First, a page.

HARRISON, NJ -- After 25 years, Arsenal returned to the United States. Thierry Henry was reunited with the club closest to his heart, but it was another member of the New York Red Bulls with connections to the English Premier League giants who produced the decisive moment.
Bradley Wright-Phillips, son of Arsenal legend Ian Wright -- the man who Henry replaced at Arsenal in the late 1990s -- struck in the 32nd minute for the only goal of the inaugural New York Cup. It may have been just the second match of Arsenal’s preseason, which certainly showed, but it was still a hugely credible win for the Red Bulls over the FA Cup holders. In contrast to their opponents, the Red Bulls are right in the middle of their Major League Soccer season and have their eyes on a technically far more important fixture against Real Salt Lake next Wednesday. Yet on Saturday, not only did they have the sharper fitness, but they had their minds fully focused on proving that they could match up with one of Europe’s elite clubs.
“It’s one of those things that I’m sure if we lose, we were supposed to because it’s Arsenal,” Red Bulls coach Mike Petke said afterward. “If we won, [people would say] I’m sure they’re out of shape and it’s leading in [to the season]. At the end of the day, this really means nothing more than a good victory, a good thing for the supporters because it’s not three points, it doesn’t mean anything in our standings. For me, it’s a positive for the players. Now it’s onto Salt Lake City on Wednesday."
Having long resisted the allure of a trip across the Atlantic, Arsenal manager Arsene Wenger had relented for a one-game excursion to the Big Apple. And his comments afterward suggested that it may not be as long as a quarter of a century's time around before they return.
“It was a great experience,” Wenger said. “Everyone enjoyed it. Nobody wants to go home. It was a short trip but a very exciting trip because New York is a special city. What was most special is how popular football is now [In the U.S.].”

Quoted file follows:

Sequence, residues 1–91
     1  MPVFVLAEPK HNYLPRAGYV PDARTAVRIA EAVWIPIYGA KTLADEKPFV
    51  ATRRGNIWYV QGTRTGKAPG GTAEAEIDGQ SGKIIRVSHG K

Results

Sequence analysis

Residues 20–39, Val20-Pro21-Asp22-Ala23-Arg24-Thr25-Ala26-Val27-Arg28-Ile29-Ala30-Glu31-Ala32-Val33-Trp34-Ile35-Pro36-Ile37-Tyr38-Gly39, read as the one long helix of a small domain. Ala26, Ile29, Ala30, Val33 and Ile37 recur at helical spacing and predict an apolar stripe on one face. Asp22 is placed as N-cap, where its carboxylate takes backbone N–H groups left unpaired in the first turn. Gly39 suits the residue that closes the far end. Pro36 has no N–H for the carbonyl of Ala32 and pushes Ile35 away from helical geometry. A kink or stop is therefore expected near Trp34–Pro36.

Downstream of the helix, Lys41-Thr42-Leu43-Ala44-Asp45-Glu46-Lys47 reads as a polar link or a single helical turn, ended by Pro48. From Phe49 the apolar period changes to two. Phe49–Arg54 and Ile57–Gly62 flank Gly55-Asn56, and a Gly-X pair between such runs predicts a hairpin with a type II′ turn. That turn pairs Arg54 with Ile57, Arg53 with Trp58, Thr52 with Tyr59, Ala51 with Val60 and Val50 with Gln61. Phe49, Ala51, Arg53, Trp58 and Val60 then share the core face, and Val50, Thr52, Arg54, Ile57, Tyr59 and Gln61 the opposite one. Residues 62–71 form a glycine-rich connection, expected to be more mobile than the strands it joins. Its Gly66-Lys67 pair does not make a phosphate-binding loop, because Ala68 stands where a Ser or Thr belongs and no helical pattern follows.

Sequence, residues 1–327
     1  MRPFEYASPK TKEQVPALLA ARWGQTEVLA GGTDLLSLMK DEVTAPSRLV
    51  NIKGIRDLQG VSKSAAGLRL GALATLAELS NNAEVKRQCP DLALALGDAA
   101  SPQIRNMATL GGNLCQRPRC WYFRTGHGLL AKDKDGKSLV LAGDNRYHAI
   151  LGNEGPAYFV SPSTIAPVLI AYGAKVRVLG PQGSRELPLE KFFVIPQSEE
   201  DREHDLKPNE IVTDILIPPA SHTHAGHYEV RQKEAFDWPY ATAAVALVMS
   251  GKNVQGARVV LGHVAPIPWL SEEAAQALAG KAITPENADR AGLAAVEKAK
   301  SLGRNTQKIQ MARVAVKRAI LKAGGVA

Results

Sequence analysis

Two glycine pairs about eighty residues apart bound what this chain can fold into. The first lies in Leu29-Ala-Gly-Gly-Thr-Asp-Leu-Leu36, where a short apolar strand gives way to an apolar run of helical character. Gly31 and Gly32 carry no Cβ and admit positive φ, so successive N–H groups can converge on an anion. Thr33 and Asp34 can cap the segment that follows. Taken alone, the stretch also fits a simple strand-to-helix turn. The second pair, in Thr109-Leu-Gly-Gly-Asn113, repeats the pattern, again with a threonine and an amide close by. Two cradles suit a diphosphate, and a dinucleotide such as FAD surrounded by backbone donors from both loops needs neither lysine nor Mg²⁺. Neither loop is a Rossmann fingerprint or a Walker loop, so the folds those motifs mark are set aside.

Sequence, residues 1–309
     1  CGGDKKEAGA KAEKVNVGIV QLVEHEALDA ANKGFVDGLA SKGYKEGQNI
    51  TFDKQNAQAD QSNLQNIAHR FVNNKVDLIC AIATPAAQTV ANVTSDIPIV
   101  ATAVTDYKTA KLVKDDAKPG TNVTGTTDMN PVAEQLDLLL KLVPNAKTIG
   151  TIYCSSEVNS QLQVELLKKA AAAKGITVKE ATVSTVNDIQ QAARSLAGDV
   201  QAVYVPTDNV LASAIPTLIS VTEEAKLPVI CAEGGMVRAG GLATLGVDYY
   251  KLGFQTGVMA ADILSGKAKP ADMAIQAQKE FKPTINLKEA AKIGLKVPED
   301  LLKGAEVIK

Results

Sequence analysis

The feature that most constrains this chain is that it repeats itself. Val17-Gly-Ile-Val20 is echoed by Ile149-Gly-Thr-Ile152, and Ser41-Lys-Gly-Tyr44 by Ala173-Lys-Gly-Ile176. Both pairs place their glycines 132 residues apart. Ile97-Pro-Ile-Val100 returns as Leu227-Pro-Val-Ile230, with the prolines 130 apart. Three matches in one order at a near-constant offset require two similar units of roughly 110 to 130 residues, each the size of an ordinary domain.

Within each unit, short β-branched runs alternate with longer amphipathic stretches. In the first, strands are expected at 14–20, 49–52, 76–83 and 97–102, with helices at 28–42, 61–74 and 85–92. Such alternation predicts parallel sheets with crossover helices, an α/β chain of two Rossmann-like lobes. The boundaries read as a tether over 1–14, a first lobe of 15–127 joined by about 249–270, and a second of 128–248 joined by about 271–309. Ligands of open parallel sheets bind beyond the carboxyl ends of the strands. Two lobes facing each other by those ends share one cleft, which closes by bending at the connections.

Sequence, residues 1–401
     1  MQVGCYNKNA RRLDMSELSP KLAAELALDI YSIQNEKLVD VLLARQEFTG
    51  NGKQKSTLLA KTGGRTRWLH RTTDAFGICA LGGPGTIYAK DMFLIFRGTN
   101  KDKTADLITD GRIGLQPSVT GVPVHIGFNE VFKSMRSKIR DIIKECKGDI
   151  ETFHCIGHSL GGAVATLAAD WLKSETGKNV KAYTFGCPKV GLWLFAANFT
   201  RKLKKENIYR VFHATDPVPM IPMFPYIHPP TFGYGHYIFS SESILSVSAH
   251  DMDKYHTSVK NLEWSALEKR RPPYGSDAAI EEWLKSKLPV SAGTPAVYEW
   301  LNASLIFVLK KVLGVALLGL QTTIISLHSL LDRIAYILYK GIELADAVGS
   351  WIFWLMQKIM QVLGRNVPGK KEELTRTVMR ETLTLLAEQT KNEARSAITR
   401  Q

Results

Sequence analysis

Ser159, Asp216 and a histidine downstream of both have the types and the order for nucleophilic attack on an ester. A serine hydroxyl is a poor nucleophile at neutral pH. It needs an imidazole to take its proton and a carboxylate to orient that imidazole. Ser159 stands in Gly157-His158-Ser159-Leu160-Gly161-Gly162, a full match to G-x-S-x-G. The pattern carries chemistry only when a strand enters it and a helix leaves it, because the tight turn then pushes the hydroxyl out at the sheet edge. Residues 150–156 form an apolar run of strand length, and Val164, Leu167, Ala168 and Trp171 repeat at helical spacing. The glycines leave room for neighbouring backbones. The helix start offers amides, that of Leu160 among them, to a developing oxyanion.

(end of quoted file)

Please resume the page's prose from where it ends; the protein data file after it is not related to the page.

The fact that the man voted the club’s greatest player of all time was in opposition only made the occasion all the more special. Henry received the loudest cheers of the night from a sellout crowd of 25,219 at the Red Bull Arena, which for the most part felt more like the Emirates Stadium, both when his name was announced ahead of kick off and when he bid his farewell early in the second half.
“It was great,” Henry said. “I think the fans obviously enjoyed it. Like I said before, it wasn’t the most important thing to win the game but, at the end of the day, we won it. Like I said before the game and to the guys in the dressing room, let’s give [Arsenal] a good game. They haven’t come [to the U.S.] in 25 years. At least if they know they’re playing a MLS team that it can be a good game, you know, and that’s hopefully what we did.”
Such is the affection held for Henry from those decked out in the red of Arsenal that he surely would have received a large cheer too had he converted a chance inside the first five minutes. It would have been a trademark strike as he cut in from the inside left channel onto his favored right foot, but, unlike he did so often for Arsenal in his eight years with them, on this occasion his effort was turned wide by goalkeeper Wojciech Szczesny.
Still, Henry was to have a telling influence on the game. Just past the half-hour mark, it was the 36-year-old’s corner to the back post which was headed down into the heart of the six-yard box by towering defender Ibrahim Sekagya. There Wright-Phillips showed the lightning-fast reactions that made his father so lethal and have enabled Bradley to score a league-leading 17 goals in MLS this season.
The Red Bulls continued to hold their own against an Arsenal side that was without many of its World Cup players. In the absence of Olivier Giroud, new signing Alexis Sanchez and injured duo Yaya Sanogo and Theo Walcott, Arsenal played the first half without a recognized striker as Tomas Rosicky roamed around as a false nine. Also trying to provide support up front was 17-year-old Gedion Zelalem, another German-born player with American connections, who U.S. coach Jurgen Klinsmann would love to be able to call upon in the future.
But Arsenal continued to be frustrated. Before the interval, Red Bulls goalkeeper Luis Robles saved spectacularly a shot from Jack Wilshere, just as the England midfielder looked set to provide a near-repeat of the brilliant passing goal he finished against Norwich City last season.
Half time saw an expected rash of substitutions, with Arsenal making seven changes. While the hosts only made three at the break, a constant stream followed from both teams during the second period, largely robbing the friendly of any rhythm. Still, the thousands of Arsenal fans in attendance were particularly pleased to see one of the half-time arrivals, Abou Diaby. After effectively years of his career lost to injury, the French midfielder is on the comeback trail once more. He thought he had scored, too, before having his celebrations halted by an offside flag.
Despite having an orthodox striker in the second half in the form of 18-year-old Chuba Akpom, Arsenal couldn’t find a way back into the game. And when Akpom failed to take advantage of a one-on-one chance late on the game was up and Arsenal got set to return home, where they will begin the Emirates Cup in a week’s time for further conditioning ahead of the start of a Premier League season that the bulk of the fans inside the Red Bull Arena on Saturday hope will end an 11-year-wait for a championship.